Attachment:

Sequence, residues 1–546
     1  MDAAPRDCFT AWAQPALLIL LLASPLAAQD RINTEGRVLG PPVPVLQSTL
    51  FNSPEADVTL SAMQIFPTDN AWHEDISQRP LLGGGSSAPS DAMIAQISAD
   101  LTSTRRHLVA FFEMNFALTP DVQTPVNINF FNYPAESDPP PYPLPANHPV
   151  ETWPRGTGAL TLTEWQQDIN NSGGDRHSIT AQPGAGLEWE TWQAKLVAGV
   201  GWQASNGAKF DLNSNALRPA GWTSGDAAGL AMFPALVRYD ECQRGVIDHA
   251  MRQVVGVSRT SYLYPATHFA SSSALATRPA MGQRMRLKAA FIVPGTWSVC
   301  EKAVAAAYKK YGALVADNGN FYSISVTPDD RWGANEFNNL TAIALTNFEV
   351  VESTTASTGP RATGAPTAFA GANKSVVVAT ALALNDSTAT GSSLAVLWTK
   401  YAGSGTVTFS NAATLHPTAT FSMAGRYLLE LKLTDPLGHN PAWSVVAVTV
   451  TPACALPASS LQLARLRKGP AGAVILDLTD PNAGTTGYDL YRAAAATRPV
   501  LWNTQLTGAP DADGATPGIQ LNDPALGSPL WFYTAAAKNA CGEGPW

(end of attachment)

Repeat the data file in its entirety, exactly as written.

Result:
Sequence, residues 1–546
     1  MDAAPRDCFT AWAQPALLIL LLASPLAAQD RINTEGRVLG PPVPVLQSTL
    51  FNSPEADVTL SAMQIFPTDN AWHEDISQRP LLGGGSSAPS DAMIAQISAD
   101  LTSTRRHLVA FFEMNFALTP DVQTPVNINF FNYPAESDPP PYPLPANHPV
   151  ETWPRGTGAL TLTEWQQDIN NSGGDRHSIT AQPGAGLEWE TWQAKLVAGV
   201  GWQASNGAKF DLNSNALRPA GWTSGDAAGL AMFPALVRYD ECQRGVIDHA
   251  MRQVVGVSRT SYLYPATHFA SSSALATRPA MGQRMRLKAA FIVPGTWSVC
   301  EKAVAAAYKK YGALVADNGN FYSISVTPDD RWGANEFNNL TAIALTNFEV
   351  VESTTASTGP RATGAPTAFA GANKSVVVAT ALALNDSTAT GSSLAVLWTK
   401  YAGSGTVTFS NAATLHPTAT FSMAGRYLLE LKLTDPLGHN PAWSVVAVTV
   451  TPACALPASS LQLARLRKGP AGAVILDLTD PNAGTTGYDL YRAAAATRPV
   501  LWNTQLTGAP DADGATPGIQ LNDPALGSPL WFYTAAAKNA CGEGPW